The Colombian government and FARC guerrillas said Thursday they have agreed at peace talks to set up a truth commission to probe crimes committed during the country’s half-century conflict.
The “extra-judicial” commission, whose creation is contingent upon reaching a final peace deal, will not have the power to punish perpetrators. And the information it uncovers cannot be used in court, the two sides said in a statement.
The agreement overcomes a major stumbling block in the peace negotiations. But it will likely meet with criticism from victims and family members who have called to bring perpetrators to justice for atrocities committed during the conflict.
“The parties pledge to contribute decisively to clarifying the truth on everything that has taken place during the conflict, including grave human rights violations and infractions of international humanitarian law,” said the statement, read at the close of the latest round of peace talks in Havana.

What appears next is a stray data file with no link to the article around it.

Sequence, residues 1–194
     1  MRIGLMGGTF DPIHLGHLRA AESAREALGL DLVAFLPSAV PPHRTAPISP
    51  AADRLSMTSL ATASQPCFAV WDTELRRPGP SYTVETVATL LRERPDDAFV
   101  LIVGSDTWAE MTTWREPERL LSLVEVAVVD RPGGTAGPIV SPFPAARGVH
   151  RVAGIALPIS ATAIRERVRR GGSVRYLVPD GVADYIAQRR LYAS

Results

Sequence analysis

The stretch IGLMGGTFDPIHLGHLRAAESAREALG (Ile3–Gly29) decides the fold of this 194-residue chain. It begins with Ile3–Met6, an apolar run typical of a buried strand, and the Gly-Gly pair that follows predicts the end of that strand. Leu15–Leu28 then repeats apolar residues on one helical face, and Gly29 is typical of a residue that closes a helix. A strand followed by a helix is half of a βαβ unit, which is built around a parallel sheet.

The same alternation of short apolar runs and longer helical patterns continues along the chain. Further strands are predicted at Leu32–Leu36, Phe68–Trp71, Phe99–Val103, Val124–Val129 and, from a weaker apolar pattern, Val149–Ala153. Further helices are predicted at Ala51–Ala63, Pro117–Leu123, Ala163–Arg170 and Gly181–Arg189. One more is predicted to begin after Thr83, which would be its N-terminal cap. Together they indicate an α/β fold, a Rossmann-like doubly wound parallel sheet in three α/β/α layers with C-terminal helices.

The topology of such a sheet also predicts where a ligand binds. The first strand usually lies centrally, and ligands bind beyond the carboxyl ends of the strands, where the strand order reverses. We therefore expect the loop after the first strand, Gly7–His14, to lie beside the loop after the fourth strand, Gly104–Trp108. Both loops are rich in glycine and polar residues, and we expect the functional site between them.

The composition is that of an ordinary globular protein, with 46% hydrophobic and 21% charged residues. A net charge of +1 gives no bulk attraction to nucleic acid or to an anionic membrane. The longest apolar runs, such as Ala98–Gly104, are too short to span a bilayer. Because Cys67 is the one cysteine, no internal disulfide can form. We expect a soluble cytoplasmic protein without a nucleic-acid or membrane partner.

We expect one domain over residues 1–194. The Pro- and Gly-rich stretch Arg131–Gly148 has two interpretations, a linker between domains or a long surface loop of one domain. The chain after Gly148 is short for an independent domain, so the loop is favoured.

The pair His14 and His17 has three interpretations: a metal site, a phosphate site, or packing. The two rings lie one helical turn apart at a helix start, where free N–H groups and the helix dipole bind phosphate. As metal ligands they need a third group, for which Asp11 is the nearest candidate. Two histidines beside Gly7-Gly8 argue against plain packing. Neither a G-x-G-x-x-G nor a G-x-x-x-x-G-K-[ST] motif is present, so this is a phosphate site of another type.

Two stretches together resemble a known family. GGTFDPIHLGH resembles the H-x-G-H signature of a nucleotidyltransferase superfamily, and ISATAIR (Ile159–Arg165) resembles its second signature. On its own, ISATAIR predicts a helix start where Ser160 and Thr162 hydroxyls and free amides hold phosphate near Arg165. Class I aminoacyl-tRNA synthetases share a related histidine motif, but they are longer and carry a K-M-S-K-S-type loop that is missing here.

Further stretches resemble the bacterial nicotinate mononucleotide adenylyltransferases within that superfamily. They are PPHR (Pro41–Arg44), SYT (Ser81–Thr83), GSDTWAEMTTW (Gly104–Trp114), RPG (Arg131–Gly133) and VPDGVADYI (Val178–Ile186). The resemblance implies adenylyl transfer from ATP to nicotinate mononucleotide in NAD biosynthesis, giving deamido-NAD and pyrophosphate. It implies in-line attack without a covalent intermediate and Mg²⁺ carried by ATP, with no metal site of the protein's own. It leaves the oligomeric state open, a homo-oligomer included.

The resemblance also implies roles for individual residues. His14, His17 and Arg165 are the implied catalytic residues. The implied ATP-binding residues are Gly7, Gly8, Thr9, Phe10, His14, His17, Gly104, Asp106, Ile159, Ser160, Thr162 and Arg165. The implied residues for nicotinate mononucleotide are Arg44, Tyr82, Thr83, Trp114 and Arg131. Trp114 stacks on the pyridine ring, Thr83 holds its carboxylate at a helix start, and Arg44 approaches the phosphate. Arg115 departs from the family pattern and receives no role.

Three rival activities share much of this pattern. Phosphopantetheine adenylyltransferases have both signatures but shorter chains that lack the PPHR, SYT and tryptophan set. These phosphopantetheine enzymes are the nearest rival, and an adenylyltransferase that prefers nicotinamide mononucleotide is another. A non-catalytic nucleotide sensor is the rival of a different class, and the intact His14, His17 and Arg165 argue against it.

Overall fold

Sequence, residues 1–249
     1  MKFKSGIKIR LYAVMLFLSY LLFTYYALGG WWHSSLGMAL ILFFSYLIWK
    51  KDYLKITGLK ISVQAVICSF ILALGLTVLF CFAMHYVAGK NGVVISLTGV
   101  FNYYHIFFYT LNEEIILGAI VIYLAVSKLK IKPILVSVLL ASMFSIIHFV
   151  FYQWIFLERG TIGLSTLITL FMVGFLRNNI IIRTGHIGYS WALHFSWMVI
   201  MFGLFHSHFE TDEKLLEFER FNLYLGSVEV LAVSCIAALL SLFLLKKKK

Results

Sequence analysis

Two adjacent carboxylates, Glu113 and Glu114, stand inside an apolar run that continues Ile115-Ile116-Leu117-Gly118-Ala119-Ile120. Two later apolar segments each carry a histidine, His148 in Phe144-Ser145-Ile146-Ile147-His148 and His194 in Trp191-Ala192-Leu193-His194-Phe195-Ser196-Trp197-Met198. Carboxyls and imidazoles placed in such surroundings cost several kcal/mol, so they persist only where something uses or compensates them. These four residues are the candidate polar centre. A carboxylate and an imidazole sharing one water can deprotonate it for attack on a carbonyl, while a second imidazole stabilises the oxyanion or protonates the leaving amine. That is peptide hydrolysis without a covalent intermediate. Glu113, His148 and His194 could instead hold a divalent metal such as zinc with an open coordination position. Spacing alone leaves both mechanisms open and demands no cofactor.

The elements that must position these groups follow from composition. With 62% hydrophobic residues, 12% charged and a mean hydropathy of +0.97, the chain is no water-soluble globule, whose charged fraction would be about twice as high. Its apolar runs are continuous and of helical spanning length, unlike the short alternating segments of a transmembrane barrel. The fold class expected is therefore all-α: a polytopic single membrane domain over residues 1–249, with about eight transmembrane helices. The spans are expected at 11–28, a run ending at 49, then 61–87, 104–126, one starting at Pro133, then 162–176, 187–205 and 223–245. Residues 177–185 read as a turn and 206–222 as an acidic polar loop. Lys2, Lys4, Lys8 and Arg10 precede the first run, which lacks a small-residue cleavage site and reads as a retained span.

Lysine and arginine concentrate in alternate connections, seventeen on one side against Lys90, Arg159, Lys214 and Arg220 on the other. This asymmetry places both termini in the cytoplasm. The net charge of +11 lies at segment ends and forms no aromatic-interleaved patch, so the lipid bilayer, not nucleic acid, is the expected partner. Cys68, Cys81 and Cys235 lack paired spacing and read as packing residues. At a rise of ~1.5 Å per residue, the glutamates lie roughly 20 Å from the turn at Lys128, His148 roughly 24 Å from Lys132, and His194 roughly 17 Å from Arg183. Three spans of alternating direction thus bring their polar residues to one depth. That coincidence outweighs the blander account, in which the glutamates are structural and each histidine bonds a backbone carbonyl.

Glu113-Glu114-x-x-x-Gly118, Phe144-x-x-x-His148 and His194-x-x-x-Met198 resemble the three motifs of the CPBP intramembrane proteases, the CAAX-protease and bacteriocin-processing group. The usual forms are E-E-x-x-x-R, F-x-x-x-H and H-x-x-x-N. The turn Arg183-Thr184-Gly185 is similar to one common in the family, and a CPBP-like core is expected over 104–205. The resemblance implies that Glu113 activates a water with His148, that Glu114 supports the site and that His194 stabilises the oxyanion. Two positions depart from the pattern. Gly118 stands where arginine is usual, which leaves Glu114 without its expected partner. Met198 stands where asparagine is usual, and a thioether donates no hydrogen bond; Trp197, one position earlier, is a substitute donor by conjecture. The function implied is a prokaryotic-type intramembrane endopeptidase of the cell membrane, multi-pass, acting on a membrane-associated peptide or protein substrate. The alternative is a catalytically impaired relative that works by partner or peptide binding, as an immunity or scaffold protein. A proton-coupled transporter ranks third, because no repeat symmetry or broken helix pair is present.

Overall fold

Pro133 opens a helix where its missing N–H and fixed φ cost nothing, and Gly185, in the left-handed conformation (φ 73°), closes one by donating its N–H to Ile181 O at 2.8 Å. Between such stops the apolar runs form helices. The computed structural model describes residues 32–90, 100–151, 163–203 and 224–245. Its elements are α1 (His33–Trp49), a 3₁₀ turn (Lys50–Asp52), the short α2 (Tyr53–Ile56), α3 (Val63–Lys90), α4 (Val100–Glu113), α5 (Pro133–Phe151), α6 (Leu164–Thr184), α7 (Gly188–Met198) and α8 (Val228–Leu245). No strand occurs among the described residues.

It said the commission “will not be judicial in nature nor be able to impose penalties on those who appear before it.”
It will be “independent and impartial,” but the information it generates “cannot be transferred to judicial authorities to be used as evidence or attribute responsibility at trial,” the statement added.
The commission will be created for a period of three years and have 11 members, to be chosen by a seven-member committee named by both parties.
The issue of justice for egregious crimes committed during the war has been a sticking point in the negotiations, which began in the Cuban capital in November 2012.
President Juan Manuel Santos had pushed a plan calling for what he described as “transitional justice,” but the FARC rejected it, saying it sought only to punish guerrillas while ignoring the army’s own atrocities.
The conflict has killed more than 200,000 people and uprooted six million since the Revolutionary Armed Forces of Colombia (FARC) were founded in 1964.